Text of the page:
Article / 02 September 2014 at 3:11 GMT

Stone-age Myanmar stumbles from dictatorship to dynamism

Business writer and editor
Australia
  • This is hardly a trader's paradise, with just two untradeable shares on offer
  • It resembles eastern Europe in the early 1990s - there will be cowboys
  • However, outside interest is enormous and growth is very high

By Adam Courtenay

If you want to see an emerging market which hasn’t even emerged yet, take a trip to Myanmar. It’s arguable, from an economic perspective, as to whether it’s passed the pupate stage. Take the stock exchange. The Myanmar Securities Exchange Centre, located in the capital of Yangon, only has two tradeable stocks and even these are rarely traded.

A 2011 Reuters report states that the exchange had no trading floor, and had eight employees who handled over-the-counter transactions and manually updated share prices, using a whiteboard, a marker pen and a stencil whenever a freak customer dropped by. The locals don’t even know there is a stock exchange and even state-owned enterprises have reportedly refused to list. A trader’s paradise it is not.

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Starting from scratch: Myanmar is determined to build new infrastructure: Photo: Thinkstock

Like so many emerging markets, the former military dictatorship which opened up to the world in 2011 has a “not for widows and orphans” label stamped all over it.

Internet-starved

It’s difficult to imagine a country of 65 million people anywhere today whose population at large has been starved of the internet. But then again, this is a country where only 4% of the country has a bank account. It’s just as hard to think of any state – especially one within a continent where technology is king – where mobile phone uptake is only really just beginning.

As I write, Myanmar is “discovering” the internet en masse and is only now turning on its very first affordable mobile phones, says Phil Morle, chief executive of Pollenizer, a start-up accelerator which has become active in this nascent market.

“Because of the political situation there, it has been impossible to effect the changes before now,” Morle says. “Before August, it cost $1,500 to get a SIM card, maybe 1% of the population had internet and less than 5% had access to a mobile phone. Now people can buy a SIM card for $2 and the internet market is opening up for 3G.”

Last year the government deregulated Myanmar’s telecom industry and with the awarding of licences to two international telcos – Norway’s Telenor and Ooredoo Myanmar – the country turned a digital corner. Both companies are now rolling out their 3G networks. Morle describes the country in the way people once spoke about the Eastern Bloc in the early 1990s. You can see the foreign interests move into Yangon and other parts of Myanmar before your very eyes.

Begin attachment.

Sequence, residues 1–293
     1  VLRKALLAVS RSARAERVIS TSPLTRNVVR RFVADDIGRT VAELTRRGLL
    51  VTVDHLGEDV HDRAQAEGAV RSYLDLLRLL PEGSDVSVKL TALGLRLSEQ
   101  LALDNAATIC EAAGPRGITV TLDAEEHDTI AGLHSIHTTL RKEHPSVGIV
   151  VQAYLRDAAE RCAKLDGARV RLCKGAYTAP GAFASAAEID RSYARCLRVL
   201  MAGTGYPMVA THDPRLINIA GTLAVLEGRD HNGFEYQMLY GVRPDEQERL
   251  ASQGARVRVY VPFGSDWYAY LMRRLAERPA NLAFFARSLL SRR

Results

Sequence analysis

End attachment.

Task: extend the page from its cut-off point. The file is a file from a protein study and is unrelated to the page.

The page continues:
“You can sit in a hotel lobby and see a guy from Germany speaking to a guy in Japan about a deal for a tall building they’re about to build. Things are moving very fast,” Morle says.

And then last week one of Australia’s big four banks, the ANZ Bank, said it was fully committed to securing a banking licence in Myanmar, where it has had a representative office since June last year. ANZ is Australia’s most active bank in Asia and has established operations in most Asian nations as part of its “super regional” strategy.

Banks on the move


It is not alone in wanting to get in. Myanmar is a resource-rich country willing to spend money on development. Japan’s Nikkei Asian Review reported recently that 25 banks have applied for licences including Japanese giants such as Mitsubishi UFJ, Mizuho, and Sumitomo Mitsui, along with Thailand’s Bangkok Bank, Singapore’s United Overseas Bank and Malaysia’s CIMB Group Holdings.

The government has initiated a broad array of reforms: unifying the exchange rate, improving monetary policy, increasing tax collection, reorienting public expenditure toward social and physical infrastructure, improving the business and investment climate and liberalising agriculture and trade.

As for the stock exchange, traders will have to wait for the new one slated to be opened in 2015. That is expected to have just eight companies listing when trading opens. It’s hardly a smorgasboard, but the smart money is already there. One of the emerging market gurus of the past 30 years, Templeton’s Mark Mobius, believes it will receive significant investment, gravitating towards the burgeoning infrastructure sector. A Bloomberg report said Mobius was already indirectly invested through companies listed in Singapore and Thailand.

If more proof were needed of the potential, look at the latest company formation stats. The Asia Development Bank says business confidence has markedly improved, as evidenced by a rapid increase in new business registrations, which exceeded 5,000 in the 10 months to January 2013. The ADB says registrations of new foreign-owned businesses rose to 375. Private sector credit maintained a rapid growth pace of 46% in FY2013.  The economy is forecast to post growth of 7.8% in 2014 and 2015, benefiting from rising investment and improved business confidence.

Worth thinking about? Please avoid if you are a widow or orphan trader. But given the level of interest from some of the big money players, Myanmar is an opportunity for investors to get on the inside early.

-- Edited by Robert Ryan

Adam Courtenay
is a business writer and editor with TradingFloor.com


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